5 Common Mistakes Made When Starting A New Business

Starting a business is one of the most daunting and challenging pursuits today. Statistics tell the story. According to the Small Business Association (SBA), an agency that provides support to small businesses and entrepreneurs, over 50% of new businesses don’t make it past their first anniversary.

Here are the reasons why: 

1.Not researching your target market  You’ve desired to start an electronics business for a long time and you’ve finally gotten the capital to do so. However, your strong desire can drive you to start the business in an area already saturated with electronics businesses. With so many electronic businesses in the area, it would be almost impossible to get your businesses off the ground, and you might close shop from the onset. That’s why it’s a good idea to first research your target market before you start any business. Your research should focus on identifying who your target audience is, and what it really needs. You should then come up with a product that satisfies that need.  

2.Failing to plan  A plan is the cornerstone of any successful business. Your business plan should spell out your business goals, how your business is going to realize those goals, as well as potential problems you may encounter in the course of running the business and their solutions. Ideally, the business plan should include key aspects, such as market analysis, competitive analysis, organization and management of the business, ins and outs of your products and services, marketing plan, sales strategy, and financial projections. 

3.Not having enough startup capital  It’s harder to start a business these days because (a)there are likely many other established businesses around that offer the same product or service (b) you have to cater for rent, businesses licenses, overheads, supplies and other aspects required to start a business. Without enough capital, your new business will struggle or it may fail to take off. When your business is struggling from the beginning, you may not be able to get financing. That’s because financing institutions look at the health of your business before they can extend loans to you. So, make sure you have enough startup capital to sustain your business until it gains stability or it grows to a point that you can easily qualify for financing.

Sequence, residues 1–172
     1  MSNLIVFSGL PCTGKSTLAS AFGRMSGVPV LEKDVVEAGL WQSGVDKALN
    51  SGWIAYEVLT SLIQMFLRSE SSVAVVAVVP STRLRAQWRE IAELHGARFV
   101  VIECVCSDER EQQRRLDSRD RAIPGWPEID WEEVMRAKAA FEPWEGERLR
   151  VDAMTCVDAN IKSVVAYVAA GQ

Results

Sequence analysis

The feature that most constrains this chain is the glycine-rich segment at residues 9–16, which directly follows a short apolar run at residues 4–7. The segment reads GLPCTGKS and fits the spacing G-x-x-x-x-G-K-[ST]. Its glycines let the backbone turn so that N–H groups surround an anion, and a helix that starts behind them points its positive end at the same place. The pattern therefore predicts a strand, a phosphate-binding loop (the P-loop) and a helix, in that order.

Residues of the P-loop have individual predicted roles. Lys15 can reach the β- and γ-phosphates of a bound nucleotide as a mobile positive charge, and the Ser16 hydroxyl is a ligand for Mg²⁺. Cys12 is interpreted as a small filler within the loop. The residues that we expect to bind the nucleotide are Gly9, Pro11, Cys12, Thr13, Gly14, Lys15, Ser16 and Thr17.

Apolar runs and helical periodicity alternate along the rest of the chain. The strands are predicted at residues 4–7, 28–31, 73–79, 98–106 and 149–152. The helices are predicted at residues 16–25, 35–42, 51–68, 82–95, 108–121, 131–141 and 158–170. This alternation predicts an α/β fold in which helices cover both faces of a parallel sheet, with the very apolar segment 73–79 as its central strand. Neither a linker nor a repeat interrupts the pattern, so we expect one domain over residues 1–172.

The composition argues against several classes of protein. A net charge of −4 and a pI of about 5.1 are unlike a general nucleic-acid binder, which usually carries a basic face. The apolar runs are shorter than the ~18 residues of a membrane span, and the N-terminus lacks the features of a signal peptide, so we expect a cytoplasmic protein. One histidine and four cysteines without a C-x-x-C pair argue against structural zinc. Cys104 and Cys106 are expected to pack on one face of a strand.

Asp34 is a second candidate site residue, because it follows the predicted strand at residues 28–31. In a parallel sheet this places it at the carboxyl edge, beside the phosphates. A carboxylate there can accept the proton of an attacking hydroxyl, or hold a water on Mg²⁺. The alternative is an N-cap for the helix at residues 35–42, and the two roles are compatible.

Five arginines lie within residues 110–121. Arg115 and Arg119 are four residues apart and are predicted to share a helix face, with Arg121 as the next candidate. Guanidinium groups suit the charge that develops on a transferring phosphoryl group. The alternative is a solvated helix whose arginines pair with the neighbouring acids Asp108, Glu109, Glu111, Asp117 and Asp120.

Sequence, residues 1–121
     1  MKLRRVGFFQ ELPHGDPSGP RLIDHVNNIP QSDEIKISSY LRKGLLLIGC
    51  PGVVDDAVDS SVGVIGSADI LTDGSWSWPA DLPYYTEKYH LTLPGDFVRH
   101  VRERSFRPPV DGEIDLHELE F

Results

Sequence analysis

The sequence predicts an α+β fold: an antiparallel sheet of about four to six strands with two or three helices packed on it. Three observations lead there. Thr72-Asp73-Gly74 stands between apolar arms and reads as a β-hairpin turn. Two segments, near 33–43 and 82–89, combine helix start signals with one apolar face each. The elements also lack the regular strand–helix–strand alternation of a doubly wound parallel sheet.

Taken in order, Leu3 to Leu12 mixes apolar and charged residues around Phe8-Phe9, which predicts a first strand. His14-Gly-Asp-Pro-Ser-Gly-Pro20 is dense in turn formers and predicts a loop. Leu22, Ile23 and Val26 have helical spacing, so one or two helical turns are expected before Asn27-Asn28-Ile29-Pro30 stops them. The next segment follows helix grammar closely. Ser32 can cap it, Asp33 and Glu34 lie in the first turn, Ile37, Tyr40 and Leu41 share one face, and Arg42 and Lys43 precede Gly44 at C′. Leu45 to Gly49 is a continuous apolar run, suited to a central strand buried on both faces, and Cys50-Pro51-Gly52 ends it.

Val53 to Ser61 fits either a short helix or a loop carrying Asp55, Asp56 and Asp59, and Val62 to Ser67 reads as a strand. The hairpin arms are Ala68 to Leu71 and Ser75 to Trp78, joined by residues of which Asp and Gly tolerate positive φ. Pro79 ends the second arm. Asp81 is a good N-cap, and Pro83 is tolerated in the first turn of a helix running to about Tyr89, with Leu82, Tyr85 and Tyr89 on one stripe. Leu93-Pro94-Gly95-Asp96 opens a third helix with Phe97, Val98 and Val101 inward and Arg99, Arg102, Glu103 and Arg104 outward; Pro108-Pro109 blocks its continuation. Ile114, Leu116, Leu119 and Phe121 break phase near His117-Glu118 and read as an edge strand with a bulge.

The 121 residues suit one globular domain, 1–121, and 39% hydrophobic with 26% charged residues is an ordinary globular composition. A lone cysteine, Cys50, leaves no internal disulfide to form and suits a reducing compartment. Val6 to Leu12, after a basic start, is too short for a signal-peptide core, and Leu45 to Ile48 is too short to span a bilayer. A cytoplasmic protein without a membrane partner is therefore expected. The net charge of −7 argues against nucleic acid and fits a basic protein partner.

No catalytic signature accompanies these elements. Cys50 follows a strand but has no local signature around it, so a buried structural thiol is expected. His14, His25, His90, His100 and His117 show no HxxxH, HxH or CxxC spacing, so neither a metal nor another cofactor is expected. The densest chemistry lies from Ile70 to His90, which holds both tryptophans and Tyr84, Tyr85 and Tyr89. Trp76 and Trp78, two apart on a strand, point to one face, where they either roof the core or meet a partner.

4.Not choosing the right location  If you’re looking to run a brick-and-mortar business, location is a very important factor to consider. For example, you’re more likely to make more sales if you set up your business in an urban area than in a remote area. Also, your business is more likely to thrive if you set it up near your target audience than away from it. An online presence is also as important as a brick-and-mortar outlet in this day and age. That’s because many consumers prefer to shop online than walk to a brick-and-mortar outlet today.  

5.Not being flexible  Once your new business is up and running and you have a loyal customer base, you should have a flexible mindset. Customer needs change over time. That means a need that you’re satisfying today may not be there in two or three years time. And if you don’t have a flexible mindset, your business may collapse. Always keep a sharp eye out on the market and alter your business plan whenever the customer needs change. Keeping a sharp eye out on customer trends will enable you to adjust your business strategy early and remain afloat if the customer needs change.    

While starting a business is an interesting endeavor, failure can bring about heavy losses and depression. So, to be among the 50% of businesses that succeed, you need to be determined and follow the factors outlined above religiously.